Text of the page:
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I recently started learning about rings and some of their elementary characteristics / basic properties. One of the concepts that sort of caught me off guard was the statement that infinite ordered integral domains are not necessarily fields. I thought about it and saw that $\mathbb Z$ was a concrete example of this because other than the elements $1, -1$, no other elements have multiplicative inverses.

Integral domains are defined as: a commutative ring with unity having the cancellation property $\iff$ commutative ring with unity having no divisors of $0$

Fields are defined as: a commutative ring with unity in which every nonzero element is invertible

From prior learning about groups, the proof that groups exhibit the cancellation product employed a strategy that invoked inverse elements. (i.e. $ax=bx \implies axx^{-1}=bxx^{-1} \implies a=b$)

If a particular integral domain is not a field (and therefore exhibits the cancellation property but not all elements have multiplicative inverses), does that mean that the cancellation property of some integral domains is fundamentally different than the cancellation property of a group?

I ask this because the proof strategy for demonstrating that such an integral domain exhibits the cancellation property must be fundamentally different from the strategy that is used in the group-proof (because invertible elements are generally absent).

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    $\begingroup$ An integral domain (or general ring) $(R,+,\cdot)$ is a group under $+$ addition. The group $(R,+)$ exhibits the cancellation property with respect to $+$, but, as you pointed out, not necessarily with respect to multiplication $\cdot$. $\endgroup$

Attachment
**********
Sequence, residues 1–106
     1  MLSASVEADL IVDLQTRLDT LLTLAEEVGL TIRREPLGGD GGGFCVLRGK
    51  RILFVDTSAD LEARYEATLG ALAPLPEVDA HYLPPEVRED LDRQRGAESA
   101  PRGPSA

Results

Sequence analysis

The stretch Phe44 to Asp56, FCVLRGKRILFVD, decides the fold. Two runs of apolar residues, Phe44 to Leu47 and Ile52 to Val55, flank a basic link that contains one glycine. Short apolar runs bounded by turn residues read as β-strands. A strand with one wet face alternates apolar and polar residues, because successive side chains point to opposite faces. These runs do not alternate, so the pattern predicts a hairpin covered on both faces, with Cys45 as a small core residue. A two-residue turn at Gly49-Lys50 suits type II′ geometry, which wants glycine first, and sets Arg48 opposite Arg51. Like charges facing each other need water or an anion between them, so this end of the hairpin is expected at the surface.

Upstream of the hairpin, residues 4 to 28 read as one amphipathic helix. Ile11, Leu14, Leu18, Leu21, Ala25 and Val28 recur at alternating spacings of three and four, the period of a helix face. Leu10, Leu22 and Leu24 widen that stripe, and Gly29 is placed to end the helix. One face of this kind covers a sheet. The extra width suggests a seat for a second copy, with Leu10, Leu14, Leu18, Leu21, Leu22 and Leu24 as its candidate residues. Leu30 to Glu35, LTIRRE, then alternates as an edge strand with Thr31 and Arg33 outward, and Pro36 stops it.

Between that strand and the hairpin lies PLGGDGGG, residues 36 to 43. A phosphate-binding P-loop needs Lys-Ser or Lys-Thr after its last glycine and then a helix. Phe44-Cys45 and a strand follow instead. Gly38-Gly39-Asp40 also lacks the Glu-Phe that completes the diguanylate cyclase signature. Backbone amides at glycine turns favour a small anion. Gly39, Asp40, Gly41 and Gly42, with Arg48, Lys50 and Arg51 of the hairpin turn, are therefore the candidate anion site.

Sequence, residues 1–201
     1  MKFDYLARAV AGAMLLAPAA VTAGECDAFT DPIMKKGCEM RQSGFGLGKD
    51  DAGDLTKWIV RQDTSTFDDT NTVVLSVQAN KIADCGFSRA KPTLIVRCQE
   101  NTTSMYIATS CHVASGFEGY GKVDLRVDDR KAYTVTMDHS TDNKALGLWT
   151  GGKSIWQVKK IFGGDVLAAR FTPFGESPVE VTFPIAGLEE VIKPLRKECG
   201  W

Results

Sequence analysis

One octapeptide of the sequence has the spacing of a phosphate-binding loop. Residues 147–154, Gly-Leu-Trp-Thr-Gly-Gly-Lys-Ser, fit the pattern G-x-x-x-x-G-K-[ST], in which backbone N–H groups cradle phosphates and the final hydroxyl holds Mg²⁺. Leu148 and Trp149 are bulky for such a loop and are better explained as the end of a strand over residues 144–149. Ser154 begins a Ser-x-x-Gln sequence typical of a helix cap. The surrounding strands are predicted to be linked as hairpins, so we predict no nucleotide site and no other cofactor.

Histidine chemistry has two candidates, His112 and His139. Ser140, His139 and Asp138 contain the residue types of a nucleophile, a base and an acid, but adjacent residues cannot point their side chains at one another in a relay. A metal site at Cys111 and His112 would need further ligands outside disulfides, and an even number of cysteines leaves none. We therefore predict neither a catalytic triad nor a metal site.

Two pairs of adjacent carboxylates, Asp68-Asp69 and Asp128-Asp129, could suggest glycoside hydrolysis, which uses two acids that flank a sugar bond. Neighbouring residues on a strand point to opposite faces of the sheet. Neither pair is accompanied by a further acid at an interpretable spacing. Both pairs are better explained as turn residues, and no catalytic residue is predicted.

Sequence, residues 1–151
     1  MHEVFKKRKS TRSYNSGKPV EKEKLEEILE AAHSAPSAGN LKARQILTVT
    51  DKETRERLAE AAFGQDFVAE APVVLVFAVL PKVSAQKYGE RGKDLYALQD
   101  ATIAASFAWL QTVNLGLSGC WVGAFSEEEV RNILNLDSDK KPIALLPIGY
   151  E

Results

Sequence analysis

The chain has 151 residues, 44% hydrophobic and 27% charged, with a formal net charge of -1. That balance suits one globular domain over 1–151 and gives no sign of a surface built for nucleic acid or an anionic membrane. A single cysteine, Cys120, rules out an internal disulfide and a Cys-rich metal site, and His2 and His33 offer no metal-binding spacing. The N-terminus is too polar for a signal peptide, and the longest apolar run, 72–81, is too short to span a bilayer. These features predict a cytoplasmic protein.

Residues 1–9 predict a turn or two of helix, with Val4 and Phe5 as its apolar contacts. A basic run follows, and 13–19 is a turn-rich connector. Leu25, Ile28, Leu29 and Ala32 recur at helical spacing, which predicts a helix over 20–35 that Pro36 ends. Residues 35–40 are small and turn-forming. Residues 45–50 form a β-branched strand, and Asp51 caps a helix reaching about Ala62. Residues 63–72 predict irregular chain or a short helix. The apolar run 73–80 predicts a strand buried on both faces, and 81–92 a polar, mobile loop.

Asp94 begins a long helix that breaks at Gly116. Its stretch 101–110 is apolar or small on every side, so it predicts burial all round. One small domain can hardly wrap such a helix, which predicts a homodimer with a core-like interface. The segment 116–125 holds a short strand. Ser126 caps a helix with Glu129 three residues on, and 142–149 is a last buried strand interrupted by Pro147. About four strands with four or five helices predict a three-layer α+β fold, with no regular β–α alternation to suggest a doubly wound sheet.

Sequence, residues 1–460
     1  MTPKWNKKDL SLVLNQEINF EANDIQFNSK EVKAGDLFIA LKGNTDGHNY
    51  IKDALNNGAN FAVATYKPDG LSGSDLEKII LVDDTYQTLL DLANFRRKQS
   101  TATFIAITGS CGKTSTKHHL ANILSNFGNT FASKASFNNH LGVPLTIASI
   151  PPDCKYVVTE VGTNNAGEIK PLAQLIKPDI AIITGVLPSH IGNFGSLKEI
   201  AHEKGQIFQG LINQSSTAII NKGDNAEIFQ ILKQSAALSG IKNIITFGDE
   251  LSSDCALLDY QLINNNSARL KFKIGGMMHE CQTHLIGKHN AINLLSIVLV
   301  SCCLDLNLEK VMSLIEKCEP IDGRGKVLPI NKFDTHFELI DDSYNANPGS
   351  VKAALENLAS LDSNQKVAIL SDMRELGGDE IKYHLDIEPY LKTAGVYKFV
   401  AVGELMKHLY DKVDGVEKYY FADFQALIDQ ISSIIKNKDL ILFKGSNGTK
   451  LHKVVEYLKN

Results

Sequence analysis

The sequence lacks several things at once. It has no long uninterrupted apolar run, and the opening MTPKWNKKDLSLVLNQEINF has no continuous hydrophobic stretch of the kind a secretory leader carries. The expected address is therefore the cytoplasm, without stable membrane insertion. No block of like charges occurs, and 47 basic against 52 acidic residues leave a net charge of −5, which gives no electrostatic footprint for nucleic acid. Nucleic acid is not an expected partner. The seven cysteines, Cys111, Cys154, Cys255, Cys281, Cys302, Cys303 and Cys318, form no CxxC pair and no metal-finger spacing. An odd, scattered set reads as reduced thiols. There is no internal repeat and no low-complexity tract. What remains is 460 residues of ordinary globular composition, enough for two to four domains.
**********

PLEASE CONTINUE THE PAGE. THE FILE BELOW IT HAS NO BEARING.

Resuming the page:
– mi.f.zh
    Commented Jan 11, 2020 at 12:25
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    $\begingroup$ It might be helpful to look at the wikipedia page if you haven't already - note that it is a property held by any operation, addition or multiplication (or whatever else). $\endgroup$
    – mi.f.zh
    Commented Jan 11, 2020 at 12:26
  • $\begingroup$ @nhmwhhxx I'm a little confused then. In my book, I am told that an integral domain has "the cancellation property". It does not mention anything about "with respect to a particular operation". $\endgroup$
    – S.C.
    Commented Jan 11, 2020 at 12:33
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    $\begingroup$ It's a bit unfortunate with the terminology, but implicitly I'm sure the author means 'with respect to multiplication'. Again, from the wikipedia page, the cancellation property is defined for a groupoid with an abstract binary operation - in a ring, we have two distinctly defined operations, addition and multiplication. Hence, to specify the cancellation property one must (implicitly in the author's case) specify the operation. $\endgroup$
    – mi.f.zh
    Commented Jan 11, 2020 at 12:41

2 Answers 2